Jackson has more history with Iraq than your average rich-guy dilettante grape grower. The year before the US invasion, Jackson—then a Lockheed Martin executive—founded, with encouragement from White House officials, a group called the Committee for the Liberation of Iraq, which helped advocate for the war. He agreed to serve as the chairman of the board of the Committee, even though he later acknowledged, in a 2007 Playboy interview, that at the time he "knew nothing about Iraq."In the run-up to the Iraq War, top advocates forecast that the whole thing would be a "cakewalk" and swore up and down that they were motivated by a heartfelt desire to alleviate the suffering of the Iraqi people. Saddam Hussein's ouster would only be a first step in "the reconstruction of [Iraq's] economy and the establishment of political pluralism, democratic institutions, and the rule of law," Jackson pledged on the day the Committee was announced in late 2002.When asked about the outcome of the American invasion on that afternoon, Jackson acknowledged that America's fateful excursion there was "just a complete screw-up" and laid the blame on Bush administration officials. "The greatest mistake was letting [Donald] Rumsfeld run the damn thing," he said. "He didn't talk to anybody, didn't talk to our allies."Unlike Rumsfeld, George W. Bush, Dick Cheney, and other high-ranking officials who have been blamed for the disaster of the Iraq War, no one has ever protested against Jackson. There are few pictures of him online, and hardly anyone outside select corridors in DC seems to have paid him much mind. But the man has had a long, cushy career circulating in the halls of power—banging the drums of war, profiting from foreign adventures, and playing a key role in NGOs that have paid him and his loved ones generous salaries. He's a sort of neocon Forest Gump who's been hanging out in government circles for decades, assisting with the expansion of the ever-larger military industrial complex while amassing the kind of fortune that allows him to buy a vineyard in France and maintain an estate in DC.
Bruce Jackson's father was an investment banker and senior CIA official who specialized in psychological warfare; his mother was a socialite who would later marry a US Senator. Jackson grew up thoroughly inside the Beltway and came of age during the Reagan years. By 1986, he was a military intelligence officer working in the Pentagon on nuclear weapons policy and renting a modest apartment at 1711 Massachusetts Avenue NW, according to public records and that year's DC White Pages. Four years later, he left his government job to take a position in New York with Lehman Brothers, where he was a strategist for proprietary trading. (Basically, that's the often shady practice where a bank or financial institution trades on its own account or money rather than that of a customer.)He returned to Washington in 1993 to work as an executive at Martin Marietta, which merged with the Lockheed Corporation two years later to become the defense contractor behemoth Lockheed Martin. In 1997, Jackson was put in charge of finding overseas markets for the company's military toys.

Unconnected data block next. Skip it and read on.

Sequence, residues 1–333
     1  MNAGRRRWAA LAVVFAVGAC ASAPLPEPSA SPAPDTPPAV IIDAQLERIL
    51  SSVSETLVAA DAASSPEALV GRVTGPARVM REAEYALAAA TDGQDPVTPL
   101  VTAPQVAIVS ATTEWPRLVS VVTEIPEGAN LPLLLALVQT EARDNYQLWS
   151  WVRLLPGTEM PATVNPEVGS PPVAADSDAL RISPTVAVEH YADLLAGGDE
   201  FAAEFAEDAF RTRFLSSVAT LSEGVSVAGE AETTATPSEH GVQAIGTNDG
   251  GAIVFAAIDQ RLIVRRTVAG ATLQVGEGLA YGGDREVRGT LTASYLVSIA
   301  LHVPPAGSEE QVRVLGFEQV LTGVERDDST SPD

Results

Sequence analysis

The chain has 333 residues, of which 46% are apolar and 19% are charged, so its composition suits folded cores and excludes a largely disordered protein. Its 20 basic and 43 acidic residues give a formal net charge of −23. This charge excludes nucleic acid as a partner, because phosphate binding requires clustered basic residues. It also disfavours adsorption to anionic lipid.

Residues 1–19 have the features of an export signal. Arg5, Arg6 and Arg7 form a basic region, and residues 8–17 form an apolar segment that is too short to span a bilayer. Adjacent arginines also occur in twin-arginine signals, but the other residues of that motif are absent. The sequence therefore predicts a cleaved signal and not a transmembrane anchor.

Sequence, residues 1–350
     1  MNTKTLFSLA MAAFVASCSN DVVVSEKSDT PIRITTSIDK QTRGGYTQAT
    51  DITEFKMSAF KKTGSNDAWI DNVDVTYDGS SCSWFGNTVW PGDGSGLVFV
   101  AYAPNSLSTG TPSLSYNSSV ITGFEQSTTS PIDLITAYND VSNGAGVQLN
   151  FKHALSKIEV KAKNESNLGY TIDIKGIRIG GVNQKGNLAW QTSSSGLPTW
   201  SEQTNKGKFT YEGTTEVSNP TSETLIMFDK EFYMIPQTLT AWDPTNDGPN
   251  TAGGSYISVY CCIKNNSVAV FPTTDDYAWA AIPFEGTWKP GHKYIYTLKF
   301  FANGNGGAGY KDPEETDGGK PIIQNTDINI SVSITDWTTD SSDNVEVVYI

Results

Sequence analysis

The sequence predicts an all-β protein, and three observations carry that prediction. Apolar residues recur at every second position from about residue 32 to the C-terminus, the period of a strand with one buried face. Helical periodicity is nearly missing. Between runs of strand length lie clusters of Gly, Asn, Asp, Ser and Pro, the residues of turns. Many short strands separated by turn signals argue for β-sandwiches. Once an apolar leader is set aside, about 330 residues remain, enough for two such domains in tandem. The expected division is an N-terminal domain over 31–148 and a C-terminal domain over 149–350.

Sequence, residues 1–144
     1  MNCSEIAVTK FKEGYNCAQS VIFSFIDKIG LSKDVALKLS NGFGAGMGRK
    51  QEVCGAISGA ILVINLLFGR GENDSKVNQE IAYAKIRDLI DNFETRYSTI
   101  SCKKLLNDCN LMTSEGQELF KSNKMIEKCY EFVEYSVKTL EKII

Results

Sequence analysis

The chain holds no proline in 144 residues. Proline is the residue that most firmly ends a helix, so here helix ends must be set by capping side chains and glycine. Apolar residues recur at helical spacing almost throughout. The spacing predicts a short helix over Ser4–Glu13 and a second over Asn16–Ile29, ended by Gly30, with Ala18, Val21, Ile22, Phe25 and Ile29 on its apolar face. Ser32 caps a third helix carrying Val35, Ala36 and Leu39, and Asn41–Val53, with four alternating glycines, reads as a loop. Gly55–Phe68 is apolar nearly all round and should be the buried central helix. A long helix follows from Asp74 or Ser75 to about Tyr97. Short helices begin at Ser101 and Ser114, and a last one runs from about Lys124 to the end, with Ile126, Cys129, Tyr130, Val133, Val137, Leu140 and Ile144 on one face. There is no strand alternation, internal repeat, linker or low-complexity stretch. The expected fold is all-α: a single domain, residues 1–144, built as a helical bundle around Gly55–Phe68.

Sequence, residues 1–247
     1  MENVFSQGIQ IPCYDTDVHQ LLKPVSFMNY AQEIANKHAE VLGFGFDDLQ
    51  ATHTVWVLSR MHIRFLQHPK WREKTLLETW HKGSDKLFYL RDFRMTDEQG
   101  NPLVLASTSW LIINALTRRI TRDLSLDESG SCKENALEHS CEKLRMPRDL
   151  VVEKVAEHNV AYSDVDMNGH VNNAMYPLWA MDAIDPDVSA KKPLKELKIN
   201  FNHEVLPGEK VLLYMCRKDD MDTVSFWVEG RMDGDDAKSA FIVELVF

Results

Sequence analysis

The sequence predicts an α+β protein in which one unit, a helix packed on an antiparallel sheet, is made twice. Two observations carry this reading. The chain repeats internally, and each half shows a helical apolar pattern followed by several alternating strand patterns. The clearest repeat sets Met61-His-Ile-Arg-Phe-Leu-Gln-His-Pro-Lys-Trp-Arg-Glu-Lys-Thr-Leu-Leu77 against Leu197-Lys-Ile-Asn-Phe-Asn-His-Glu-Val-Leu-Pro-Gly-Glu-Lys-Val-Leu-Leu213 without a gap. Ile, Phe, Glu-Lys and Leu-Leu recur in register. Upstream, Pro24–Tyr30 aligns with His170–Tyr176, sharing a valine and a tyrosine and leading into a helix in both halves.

A decade later, it wouldn't be controversial to argue that both the US and Iraq came out as losers in the war, but it was a win-win for Jackson and Lockheed.
Since then, Jackson has run or had a key role in three entities, all registered to the address of his DC estate: Bruce P. Jackson Consulting, the Project on Transitional Democracies (PTD), and We Remember Foundation. It's impossible to know all that much about his private consulting business, but the PTD and We Remember are nonprofits, and are therefore required to file annual IRS disclosure forms that offer some information.
The nonprofits also apparently served as personal piggybanks. The PTD once fronted Jackson a $150,000 advance on salary and on another occasion offered him a $70,000 interest-free loan. In 2008, We Remember loaned him $25,000 for "home office construction" at his DC estate and in 2006, PTD signed a lease that paid Jackson $36,000 annually to rent the space with tax-exempt money. The PTD also agreed to pick up 38 percent of the Jackson family's utilities, insurance, maid service, property taxes, security, and maintenance.Jackson's wife received approximately $130,000 in salary from her role as president of We Remember, and when the group dissolved as a 501c(3) in 2009, it transferred its $146,000 in remaining assets to the PTD. But We Remember didn't completely ignore victims of government repression in Belarus: During the course of its existence it made three grants totaling about $5,000—1 percent of the $500,000 it raised—to "families of political prisoners and those that have disappeared."
"You have an influential person who founded a nonprofit and lines up friends and they treat the nonprofit as a spending pool." - Notre Dame Law Professor Lloyd Hitoshi Mayer
When I called Jackson for comment on the nonprofits in February, he declined to give any, other than to say that he was in the process of shutting down the Project on Transnational Democracies."We haven't had a grant in two years," Jackson told me before hanging up. In a follow-up email conversation in late April, he said the nonprofit was dissolved."It had not received any contributions for at least a couple of years and has not paid salaries since the early years of the last decade," Jackson wrote.And by the way, a warning about the wine Jackson produces: It's pretty shitty, I'm told by one person who sampled it, so whatever you think of the Iraq War, don't buy it—or anything else he's selling in the future.Follow Ken Silverstein on Twitter.